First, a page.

Lisbeth’s Story


When our first child was only a tiny four months old, we were shocked and pleased to learn that we were again expecting a baby. Many new parents would be overwhelmed by the idea of two children so close in age, but we were thrilled. In fact, we had sat up late at night, breathing in our son’s sweet newborn scent, listening to his soft little noises, and talked about our longing for more children. Two babies to grow up close in age and run through the house as a pair.

My second pregnancy began much like my first. I endured weeks of morning sickness that I thought would never end. Close to the halfway mark we met with a specialist for a sonogram, eager to find out the gender of the baby and to see that he or she was growing properly.

After a few glances at our baby on the ultrasound screen, the doctor explained our baby had Hydrops Fetalis—a condition in which the baby’s body has filled with fluid. In our case, the fluid was in every part of her little body, surrounding her beating heart, all the way down to her tiny fingertips.  

The prognosis was grim. The doctor told us the baby’s heart would simply stop beating, due to the stress of the swelling. They gave us a ten percent chance of the baby living into the third trimester and even then, her heart would likely stop beating before, during or shortly after delivery.

At this first ultrasound, I remember the doctor going through the seven stages of grief. I found this surreal. I could see my baby’s heart beating on the ultrasound screen and see her little body moving around. I was not meant to be grieving.


At this appointment, we found out I was carrying a precious baby girl. We chose the name Eden, the garden where all life began. We forged ahead as her parents making every decision with her care as our first priority. Our sweet girl’s heart continued to beat at each of our weekly checkups. As the week of viability inched closer, we began to plan for Eden’s arrival in hopes that we could have as much time with her as possible. Although her condition had been identified, the cause was not found. This led to test after test after test. None of them proved helpful. As Eden’s condition worsened each week, we were left paralyzed by disbelief and fear. We didn’t always feel supported by our doctors and we didn’t know what questions to ask or how to articulate our concerns.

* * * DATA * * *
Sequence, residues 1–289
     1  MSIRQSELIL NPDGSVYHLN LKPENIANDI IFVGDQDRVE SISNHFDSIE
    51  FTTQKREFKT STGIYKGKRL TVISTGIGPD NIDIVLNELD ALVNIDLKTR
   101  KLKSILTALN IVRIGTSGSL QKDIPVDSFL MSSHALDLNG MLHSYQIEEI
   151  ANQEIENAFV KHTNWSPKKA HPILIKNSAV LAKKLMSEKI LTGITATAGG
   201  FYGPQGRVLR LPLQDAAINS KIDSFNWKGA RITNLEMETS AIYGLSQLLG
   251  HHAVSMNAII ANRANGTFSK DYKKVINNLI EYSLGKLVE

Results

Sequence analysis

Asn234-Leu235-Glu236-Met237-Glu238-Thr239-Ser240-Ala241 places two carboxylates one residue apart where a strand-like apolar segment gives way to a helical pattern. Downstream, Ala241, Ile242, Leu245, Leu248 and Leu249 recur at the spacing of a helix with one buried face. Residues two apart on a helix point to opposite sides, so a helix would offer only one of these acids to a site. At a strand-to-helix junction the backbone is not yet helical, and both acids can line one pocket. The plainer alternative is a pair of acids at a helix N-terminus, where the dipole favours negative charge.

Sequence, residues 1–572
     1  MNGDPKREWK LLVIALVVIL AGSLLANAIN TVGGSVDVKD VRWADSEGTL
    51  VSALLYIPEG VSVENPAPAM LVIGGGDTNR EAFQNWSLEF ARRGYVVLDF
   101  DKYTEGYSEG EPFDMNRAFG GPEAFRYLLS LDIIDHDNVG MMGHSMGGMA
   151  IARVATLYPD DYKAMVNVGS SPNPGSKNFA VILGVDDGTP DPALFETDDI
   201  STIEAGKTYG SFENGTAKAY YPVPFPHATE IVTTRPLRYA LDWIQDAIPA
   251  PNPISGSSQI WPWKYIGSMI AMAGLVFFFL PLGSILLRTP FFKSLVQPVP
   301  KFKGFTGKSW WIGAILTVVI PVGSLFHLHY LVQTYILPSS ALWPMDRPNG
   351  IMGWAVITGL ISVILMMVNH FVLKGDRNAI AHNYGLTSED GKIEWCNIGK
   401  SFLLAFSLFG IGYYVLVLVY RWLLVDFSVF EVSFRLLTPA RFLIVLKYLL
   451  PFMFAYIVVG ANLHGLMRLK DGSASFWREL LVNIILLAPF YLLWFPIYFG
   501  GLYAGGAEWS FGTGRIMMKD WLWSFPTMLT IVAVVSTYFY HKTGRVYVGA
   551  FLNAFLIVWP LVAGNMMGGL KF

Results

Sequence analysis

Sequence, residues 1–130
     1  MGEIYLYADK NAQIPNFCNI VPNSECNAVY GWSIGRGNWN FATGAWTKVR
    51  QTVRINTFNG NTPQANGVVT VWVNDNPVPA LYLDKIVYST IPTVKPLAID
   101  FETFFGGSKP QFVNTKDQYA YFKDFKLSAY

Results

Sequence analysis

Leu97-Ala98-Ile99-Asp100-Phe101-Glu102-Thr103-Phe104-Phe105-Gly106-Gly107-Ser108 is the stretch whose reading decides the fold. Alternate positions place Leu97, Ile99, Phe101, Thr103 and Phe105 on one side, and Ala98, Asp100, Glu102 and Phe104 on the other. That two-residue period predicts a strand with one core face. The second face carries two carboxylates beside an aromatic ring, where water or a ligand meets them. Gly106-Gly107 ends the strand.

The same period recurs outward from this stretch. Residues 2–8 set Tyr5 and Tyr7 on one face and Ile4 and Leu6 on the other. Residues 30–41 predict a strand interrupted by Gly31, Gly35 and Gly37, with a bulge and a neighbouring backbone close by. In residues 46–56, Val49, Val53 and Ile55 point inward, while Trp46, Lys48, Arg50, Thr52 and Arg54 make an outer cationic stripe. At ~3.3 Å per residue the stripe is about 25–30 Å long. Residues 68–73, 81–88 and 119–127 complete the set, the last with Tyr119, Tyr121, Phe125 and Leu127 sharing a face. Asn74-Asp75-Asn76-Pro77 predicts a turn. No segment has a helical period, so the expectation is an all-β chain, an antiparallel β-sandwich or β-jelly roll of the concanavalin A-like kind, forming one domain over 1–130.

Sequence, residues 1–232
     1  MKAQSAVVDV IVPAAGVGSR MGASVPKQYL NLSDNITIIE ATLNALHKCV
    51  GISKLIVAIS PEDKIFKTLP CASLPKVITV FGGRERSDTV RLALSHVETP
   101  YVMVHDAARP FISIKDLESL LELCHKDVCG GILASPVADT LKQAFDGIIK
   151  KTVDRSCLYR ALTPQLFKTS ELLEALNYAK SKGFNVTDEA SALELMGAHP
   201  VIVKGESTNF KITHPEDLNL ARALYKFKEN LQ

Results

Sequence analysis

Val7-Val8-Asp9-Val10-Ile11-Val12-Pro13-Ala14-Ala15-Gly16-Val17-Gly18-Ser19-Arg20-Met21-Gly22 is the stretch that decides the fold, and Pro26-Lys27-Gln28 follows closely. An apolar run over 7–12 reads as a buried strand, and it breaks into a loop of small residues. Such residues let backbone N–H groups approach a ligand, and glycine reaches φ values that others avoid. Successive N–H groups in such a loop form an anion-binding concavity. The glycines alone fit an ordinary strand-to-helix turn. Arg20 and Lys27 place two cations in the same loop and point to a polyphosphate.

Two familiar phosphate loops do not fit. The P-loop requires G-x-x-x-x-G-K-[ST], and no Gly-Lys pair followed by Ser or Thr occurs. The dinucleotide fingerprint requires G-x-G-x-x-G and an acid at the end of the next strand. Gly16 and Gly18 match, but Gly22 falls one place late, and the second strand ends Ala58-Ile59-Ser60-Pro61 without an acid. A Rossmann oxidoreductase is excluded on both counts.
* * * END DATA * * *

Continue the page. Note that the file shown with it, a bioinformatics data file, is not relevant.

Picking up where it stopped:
During this time, I found an Instagram account for a mother who had recently chosen to carry to term. I read her story through photos and captions, and I instantly felt a connection to her family. With a desperate, racing heart, I sent Stephanie a message. I asked for her advice; I wanted to know what to expect and how to cope and how to make a plan. She answered my questions openly and sent me a birth plan right away.

Thinking through these decisions about delivery, birth and post-delivery was difficult, but I also felt I was finally able to do something for my baby. I was able to make a plan for what her very meaningful one day on earth would look like. My husband and I never once questioned our decision to choose life for our baby—she was part of us from the moment she formed in my womb. Therefore, it was important to think through how we would honor, celebrate and mourn her all at once.


A few months later, we arrived for our weekly ultrasound with our little boy in tow and waited patiently in the doctor’s office that was becoming a second home. After we were called back into the room and the lights were turned off, the ultrasound image appeared and I noticed that small flickering heartbeat was still. Our doctor sighed deeply and broke the news.  

That same night we were sent to the hospital to be induced and I delivered Eden the next morning. She weighed just over 1 pound and was 24 weeks gestation. I still remember the feeling of her tiny nose as I kissed it after the nurse bundled her up. We held her, prayed over her, took photos and dressed her in a sweet white gown provided by the hospital. Our nurse helped us take tiny footprints that are now framed in our bedroom. She had the sweetest full, round belly and tiny fingers and toes. And as difficult as the labor and the impending goodbye would be, I knew that this baby was so worth all we had endured. We never for a moment regretted giving her life and fighting for her. Although our loss was deep and that day holds a dark wound that will never fully heal, we feel strongly that her little soul still lives in the presence of God.


It’s not been quite a year since Eden was born and our journey through grief feels like it’s only just beginning. There’s so much confusion that comes with grief. We’ve found that having a living, healthy child that lights your world can be the most amazing saving grace and a reminder of all the goodness in life. But it can also cause you to feel guilty and nervous and confused.  

Gathering support from family and friends can be difficult after the baby is born. When you are pregnant and have a great big belly, people are checking in on you and ask you questions. But as your baby bump disappears and your arms are left empty, many people can’t find the right words to say, so they say nothing. This is hard in so many ways, but mostly because you don’t want to forget that you did this amazing thing. You carried a baby who was sick and fragile and heaven bound. It will be the bravest and most incredible thing I will ever do in my lifetime. And I don’t ever want to forget our Eden.